October 2017

MAXINE O’CALLAGHAN – Hit and Run. Delilah West #3. St. Martin’s, hardcover, 1989; paperback, January 1991. Brash Books, trade paperback, February 2015.

   The count above of Delilah West’s does not include the short story “A Change of Clients,” which appeared in the November 1974 issue of Alfred Hitchcock’s Mystery Magazine, The date is worth pointing out because what it means that as a modern day female PI, Delilah West came along several years before all of the more famous ones, who showed up later: Sharon McCone (1977), Kinsey Millhone (1982), or V. I. Warshawsky (also 1982).

   In spite of the lack of fame for Mrs. West, the good news is, according to the Thrilling Detective website, “in July 1999, at the Eyecon, held in St. Louis, the Private Eye Writers of America righted that wrong, and very deservedly bestowed The Eye, its Lifetime Achievement Award.”

   Hit and Run was published in paperback by St. Martin’s as part of their “Mean Streets” line of books they were promoting at the time, but I think that’s only because Delilah was a private detective in general, not because she traveled down streets any meaner than any of those the mostly sunny town of Santa Ana in southern California.

   The case begins with her living in her office, business being so bad, and being nearly run down by a young half-Hispanic kid who leaves another man dead in street before speeding off. Thanks to Delilah’s ID of the car he was driving, he is soon arrested for the man’s death.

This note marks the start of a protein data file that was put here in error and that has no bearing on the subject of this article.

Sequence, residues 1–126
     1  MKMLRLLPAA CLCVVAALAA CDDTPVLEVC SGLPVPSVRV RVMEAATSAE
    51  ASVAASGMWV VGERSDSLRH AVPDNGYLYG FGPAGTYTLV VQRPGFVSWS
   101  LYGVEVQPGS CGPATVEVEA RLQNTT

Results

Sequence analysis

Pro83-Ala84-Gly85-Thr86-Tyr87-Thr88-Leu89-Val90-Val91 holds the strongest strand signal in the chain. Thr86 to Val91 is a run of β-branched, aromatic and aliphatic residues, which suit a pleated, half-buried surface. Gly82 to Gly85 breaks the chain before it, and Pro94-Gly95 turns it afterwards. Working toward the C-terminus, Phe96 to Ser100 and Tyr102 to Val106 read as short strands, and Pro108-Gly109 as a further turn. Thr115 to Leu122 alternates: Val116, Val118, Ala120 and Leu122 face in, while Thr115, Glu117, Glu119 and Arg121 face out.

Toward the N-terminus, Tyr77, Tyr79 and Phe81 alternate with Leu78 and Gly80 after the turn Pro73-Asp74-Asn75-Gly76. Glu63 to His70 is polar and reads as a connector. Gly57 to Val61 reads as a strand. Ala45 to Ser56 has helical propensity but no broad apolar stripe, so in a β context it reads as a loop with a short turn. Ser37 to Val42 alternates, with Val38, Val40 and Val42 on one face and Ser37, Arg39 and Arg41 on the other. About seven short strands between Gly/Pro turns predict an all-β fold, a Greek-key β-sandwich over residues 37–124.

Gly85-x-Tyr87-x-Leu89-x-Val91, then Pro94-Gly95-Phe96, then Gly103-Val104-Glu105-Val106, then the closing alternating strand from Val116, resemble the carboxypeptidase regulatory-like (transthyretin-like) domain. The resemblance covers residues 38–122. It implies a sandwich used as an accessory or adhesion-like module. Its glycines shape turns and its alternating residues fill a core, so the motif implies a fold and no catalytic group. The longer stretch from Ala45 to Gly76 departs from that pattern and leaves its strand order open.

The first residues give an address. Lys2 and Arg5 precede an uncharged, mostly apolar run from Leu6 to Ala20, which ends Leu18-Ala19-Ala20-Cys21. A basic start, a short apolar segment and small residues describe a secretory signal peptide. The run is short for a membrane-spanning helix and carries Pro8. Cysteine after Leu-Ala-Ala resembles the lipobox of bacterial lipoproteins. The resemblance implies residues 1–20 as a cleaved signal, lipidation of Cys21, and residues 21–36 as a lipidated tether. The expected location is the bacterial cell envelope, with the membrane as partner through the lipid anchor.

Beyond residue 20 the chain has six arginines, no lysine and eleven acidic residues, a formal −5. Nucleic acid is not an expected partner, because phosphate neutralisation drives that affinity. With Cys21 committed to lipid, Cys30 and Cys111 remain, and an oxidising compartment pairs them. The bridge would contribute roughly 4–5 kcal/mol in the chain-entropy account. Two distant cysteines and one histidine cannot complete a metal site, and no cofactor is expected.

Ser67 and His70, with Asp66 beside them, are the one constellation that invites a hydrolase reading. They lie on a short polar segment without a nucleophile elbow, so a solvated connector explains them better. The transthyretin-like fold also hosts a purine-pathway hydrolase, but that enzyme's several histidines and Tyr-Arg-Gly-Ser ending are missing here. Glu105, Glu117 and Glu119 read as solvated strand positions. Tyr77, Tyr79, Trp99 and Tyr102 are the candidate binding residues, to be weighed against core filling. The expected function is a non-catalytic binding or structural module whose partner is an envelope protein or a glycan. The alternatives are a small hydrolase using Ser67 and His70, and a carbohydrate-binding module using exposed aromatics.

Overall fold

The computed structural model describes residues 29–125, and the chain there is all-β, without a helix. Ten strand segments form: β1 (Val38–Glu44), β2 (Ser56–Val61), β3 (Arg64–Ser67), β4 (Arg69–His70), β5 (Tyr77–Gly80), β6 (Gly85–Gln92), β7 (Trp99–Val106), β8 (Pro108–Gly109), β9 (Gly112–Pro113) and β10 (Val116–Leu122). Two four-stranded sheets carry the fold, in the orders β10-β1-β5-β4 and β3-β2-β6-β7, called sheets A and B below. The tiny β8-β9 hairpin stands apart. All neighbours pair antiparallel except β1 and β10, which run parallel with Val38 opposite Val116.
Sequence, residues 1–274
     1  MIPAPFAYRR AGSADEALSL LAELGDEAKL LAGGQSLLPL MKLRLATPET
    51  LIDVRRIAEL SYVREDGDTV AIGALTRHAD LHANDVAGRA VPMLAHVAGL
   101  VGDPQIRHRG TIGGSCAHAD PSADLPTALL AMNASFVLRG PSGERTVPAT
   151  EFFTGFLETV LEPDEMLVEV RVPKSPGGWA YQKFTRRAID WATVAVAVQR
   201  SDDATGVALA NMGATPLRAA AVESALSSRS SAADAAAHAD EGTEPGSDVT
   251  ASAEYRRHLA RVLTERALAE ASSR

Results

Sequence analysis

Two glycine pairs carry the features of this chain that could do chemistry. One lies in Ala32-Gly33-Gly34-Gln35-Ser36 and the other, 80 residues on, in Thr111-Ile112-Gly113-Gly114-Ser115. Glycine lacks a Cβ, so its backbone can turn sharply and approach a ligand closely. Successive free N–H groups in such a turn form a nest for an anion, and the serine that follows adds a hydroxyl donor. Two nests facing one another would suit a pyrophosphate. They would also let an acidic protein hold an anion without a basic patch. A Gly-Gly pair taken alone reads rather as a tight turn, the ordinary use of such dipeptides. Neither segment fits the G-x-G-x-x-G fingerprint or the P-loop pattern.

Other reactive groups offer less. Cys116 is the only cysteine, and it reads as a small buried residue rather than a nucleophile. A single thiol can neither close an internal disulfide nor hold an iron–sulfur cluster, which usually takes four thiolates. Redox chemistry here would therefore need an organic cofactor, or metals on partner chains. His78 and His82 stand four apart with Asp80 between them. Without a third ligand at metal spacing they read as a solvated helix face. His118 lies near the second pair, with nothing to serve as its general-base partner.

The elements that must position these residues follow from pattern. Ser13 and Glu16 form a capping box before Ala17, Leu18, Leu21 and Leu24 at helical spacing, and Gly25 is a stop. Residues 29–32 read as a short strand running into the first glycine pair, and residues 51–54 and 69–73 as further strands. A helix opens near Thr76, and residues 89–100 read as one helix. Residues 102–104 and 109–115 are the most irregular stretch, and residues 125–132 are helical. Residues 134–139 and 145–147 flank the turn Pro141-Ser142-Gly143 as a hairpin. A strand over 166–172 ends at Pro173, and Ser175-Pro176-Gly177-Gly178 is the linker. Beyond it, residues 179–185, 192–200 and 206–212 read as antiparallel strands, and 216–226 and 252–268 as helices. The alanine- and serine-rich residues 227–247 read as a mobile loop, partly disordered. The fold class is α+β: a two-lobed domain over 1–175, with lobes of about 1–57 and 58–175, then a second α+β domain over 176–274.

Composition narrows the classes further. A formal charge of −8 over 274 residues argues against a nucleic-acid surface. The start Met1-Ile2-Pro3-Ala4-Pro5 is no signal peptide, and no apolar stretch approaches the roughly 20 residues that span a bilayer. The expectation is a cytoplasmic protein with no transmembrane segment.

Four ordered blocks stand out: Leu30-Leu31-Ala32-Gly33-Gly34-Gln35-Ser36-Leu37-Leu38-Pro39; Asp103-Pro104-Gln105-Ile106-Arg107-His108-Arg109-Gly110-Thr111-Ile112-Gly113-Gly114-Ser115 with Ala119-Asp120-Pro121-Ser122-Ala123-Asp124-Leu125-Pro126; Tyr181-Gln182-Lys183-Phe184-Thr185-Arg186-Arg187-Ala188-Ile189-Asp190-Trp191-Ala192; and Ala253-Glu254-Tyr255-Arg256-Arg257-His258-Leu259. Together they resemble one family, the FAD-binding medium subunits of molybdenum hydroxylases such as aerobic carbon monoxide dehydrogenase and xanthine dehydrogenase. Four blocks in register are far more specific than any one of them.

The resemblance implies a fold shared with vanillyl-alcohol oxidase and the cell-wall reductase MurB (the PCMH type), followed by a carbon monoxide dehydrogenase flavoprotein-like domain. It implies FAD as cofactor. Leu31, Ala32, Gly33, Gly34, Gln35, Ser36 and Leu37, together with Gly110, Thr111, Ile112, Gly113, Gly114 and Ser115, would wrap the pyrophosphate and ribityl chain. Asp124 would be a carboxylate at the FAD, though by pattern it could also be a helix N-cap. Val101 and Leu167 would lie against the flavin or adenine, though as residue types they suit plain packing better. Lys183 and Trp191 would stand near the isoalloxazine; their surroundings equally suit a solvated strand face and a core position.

Surprisingly enough, hiring Delilah to prove the boy’s innocence is his mother. Demurring greatly, she agrees to investigate and soon begins to suspect that the mean was already dead before he was left in the street to become the responsibility of the next car that drove over him.

   The book is pleasant read for PI fans, and maybe even cozy fans who like just a little more grit in the mysteries they read, but that’s all there is, just a little more grit. The ending is more of the thriller variety than it is a gather-the-suspects-around-the-room sort of detective novel, not that there’s anything wrong with that.

   All in all, a fairly ordinary case for Delilah, and except perhaps for the killer’s identity, not a particularly memorable one. It nonetheless proved to be a most satisfactory way to spend a couple of hours while flying cross country a week or so ago.

      The Delilah West series —


Death Is Forever (1981)

Run From the Nightmare (1982)
Hit and Run (1989)
Set-Up (1991)

Trade-Off (1996)
Down For the Count (1997) .


A Change of Clients and Death Is Forever (1999)
   == Short story “A Change of Clients” [+} novel above.

Bad News and Trouble: The Delilah West Stories (2014)
   == Possibly including the following short stories:
“A Change of Clients”
“Bad News”
“Deal with the Devil”
“Diamonds Are For Never”
“Somewhere South of Melrose”
“Going to the Dogs”
“Belling the Cat”


THE UNSEEN. Paramount Pictures, 1944. Joel McCrea, Gail Russell, Herbert Marshall. Screenplay by Hagar Wilde and Raymond Chandler, based on the novel by Ethel Lina White. Directed by Lewis Allen.

   The sum total of this film adds up to much more than the film itself does.